And where will we be going downtown? he responded, finally. If it was possible for his mental communication to sound a little sluggish, it did.

From the bed, Integra pulled a few pamphlets for tourist attractions that she had picked up in the common room of the guesthouse. "Ah, well. We're in the bed of history here. There's St. Hilda's Abbey, formerly the location of the 664 Catholic Synod to decide when Easter would be held--also the site of some other historic events that I'm sure I would remember if I'd paid better attention to my history lessons. There's the Captain Cook Museum.... the Victorian Jet Works.... ah, and yes, I thought you'd enjoy this one--'The Dracula Experience.' 'See the nightmare of Bram Stoker's Dracula come to life... in wax!' Oh, dear. I fear that if that wax figurine is meant to be you, they have got the facial hair all wrong."

Integra recoiled as the lid to the coffin beneath her was suddenly thrown off. With an elbow to the edge, Alucard pushed himself up to a half-crouch. "You're not seriously thinking of bringing me to an attraction called 'The Dracula Experience,' are you?"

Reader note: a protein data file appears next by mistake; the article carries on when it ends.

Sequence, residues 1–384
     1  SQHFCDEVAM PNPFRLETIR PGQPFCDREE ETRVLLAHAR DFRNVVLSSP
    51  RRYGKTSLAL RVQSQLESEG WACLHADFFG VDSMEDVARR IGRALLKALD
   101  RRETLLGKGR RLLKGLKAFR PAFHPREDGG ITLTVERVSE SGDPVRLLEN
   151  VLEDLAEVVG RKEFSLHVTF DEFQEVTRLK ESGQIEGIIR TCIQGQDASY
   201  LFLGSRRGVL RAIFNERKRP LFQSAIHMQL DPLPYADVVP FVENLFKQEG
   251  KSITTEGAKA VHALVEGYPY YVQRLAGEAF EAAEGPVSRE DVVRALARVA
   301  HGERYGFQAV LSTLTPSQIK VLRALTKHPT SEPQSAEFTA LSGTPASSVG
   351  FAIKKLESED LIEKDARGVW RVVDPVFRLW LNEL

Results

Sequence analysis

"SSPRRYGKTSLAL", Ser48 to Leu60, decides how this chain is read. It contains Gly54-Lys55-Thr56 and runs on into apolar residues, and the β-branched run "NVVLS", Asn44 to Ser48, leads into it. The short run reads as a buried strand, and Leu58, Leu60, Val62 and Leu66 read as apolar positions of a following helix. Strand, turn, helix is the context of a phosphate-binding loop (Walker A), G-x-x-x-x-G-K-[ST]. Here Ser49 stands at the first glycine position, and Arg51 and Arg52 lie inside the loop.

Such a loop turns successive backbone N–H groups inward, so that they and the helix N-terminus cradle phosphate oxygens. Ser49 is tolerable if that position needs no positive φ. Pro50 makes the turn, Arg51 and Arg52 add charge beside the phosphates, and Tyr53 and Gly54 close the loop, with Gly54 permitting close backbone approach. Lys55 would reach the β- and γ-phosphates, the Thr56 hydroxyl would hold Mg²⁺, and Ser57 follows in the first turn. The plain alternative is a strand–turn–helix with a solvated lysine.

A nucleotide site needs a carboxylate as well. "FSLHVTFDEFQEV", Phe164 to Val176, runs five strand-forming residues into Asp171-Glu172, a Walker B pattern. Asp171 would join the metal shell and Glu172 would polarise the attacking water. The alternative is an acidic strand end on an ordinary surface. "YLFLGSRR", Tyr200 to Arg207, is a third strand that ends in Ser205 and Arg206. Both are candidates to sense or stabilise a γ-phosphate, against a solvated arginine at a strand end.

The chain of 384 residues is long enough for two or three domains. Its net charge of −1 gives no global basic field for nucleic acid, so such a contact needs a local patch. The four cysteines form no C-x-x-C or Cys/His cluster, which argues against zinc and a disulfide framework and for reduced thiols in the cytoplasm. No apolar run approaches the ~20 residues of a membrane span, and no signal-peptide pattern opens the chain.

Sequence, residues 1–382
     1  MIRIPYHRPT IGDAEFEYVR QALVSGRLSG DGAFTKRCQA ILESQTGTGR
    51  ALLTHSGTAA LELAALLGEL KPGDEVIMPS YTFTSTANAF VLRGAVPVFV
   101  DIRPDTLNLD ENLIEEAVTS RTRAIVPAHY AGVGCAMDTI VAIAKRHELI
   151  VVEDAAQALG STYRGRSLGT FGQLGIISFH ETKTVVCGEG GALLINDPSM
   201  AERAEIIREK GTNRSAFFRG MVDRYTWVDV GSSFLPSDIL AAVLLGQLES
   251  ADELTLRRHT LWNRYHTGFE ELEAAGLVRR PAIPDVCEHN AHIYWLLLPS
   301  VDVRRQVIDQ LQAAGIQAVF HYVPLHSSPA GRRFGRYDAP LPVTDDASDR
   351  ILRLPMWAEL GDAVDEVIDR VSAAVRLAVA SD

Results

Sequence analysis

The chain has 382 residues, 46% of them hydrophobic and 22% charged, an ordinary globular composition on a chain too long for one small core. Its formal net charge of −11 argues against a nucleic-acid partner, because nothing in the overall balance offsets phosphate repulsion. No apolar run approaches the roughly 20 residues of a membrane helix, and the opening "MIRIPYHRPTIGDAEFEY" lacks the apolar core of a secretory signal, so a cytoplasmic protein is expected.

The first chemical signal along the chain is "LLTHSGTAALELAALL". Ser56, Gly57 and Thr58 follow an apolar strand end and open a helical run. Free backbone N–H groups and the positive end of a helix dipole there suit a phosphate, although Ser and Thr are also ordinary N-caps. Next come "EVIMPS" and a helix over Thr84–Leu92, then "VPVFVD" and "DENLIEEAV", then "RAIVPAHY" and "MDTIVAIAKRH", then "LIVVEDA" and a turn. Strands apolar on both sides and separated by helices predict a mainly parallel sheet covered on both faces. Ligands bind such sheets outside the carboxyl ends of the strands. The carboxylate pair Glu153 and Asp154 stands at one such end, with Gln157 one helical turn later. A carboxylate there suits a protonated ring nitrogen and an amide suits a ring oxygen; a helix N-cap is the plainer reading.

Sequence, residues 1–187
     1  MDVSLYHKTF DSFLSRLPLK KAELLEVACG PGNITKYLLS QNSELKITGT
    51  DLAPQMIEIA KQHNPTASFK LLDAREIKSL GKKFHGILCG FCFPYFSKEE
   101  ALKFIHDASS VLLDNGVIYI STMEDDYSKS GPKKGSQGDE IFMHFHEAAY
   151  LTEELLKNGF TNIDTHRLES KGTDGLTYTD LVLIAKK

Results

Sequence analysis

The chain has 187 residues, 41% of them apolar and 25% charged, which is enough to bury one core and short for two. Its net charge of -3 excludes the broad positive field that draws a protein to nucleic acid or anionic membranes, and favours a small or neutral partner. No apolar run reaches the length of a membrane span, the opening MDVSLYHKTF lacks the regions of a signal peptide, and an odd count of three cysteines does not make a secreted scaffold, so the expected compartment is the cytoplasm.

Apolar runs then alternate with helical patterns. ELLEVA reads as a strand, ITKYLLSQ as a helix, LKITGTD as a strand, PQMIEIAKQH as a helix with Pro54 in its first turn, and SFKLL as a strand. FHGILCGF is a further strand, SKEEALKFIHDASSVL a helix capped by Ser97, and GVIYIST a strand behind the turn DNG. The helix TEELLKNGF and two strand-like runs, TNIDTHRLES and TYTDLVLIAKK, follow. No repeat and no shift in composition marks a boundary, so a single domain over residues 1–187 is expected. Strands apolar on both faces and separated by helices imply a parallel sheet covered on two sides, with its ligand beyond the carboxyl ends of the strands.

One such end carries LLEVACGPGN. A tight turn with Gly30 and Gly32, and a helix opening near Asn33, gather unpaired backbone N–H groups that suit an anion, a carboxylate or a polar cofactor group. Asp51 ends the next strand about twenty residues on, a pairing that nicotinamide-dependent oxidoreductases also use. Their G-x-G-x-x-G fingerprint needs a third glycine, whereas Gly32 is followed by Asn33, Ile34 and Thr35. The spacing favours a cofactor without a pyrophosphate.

"I don't know," she said, perusing the pamphlet. "You must admit it has a certain sort of campy appeal."

He grabbed the pamphlet out of her hand, nearly crushing it. He looked at the front, and then the back, squinting at an image. "Is that.... supposed to be Mina?"

Integra took the pamphlet back, squinting at it in turn. "Hard to say. Either way, I do think that fur coat is terribly anachronistic."

--

30 minutes later, sick curiousity had won out.

The exhibit was empty, save for a bored teenaged girl with purple hair, who had taken their money and promptly disappeared to the gift shop in the back. They were left alone with the tinny sound effects and the wax figures.

Most of the exhibit could be seen without leaving the storefront, including the wax figurine in the fur coat--who, according to the plaque, was indeed supposed to be Mina Harker. Up close, it looked rather like she had been attacked by a particularly vicious swarm of weasels. That, perhaps, was the most threatening thing about the exhibit--that, and the fact the "Dracula rising from his coffin" animatronic looked about to shatter through the floor.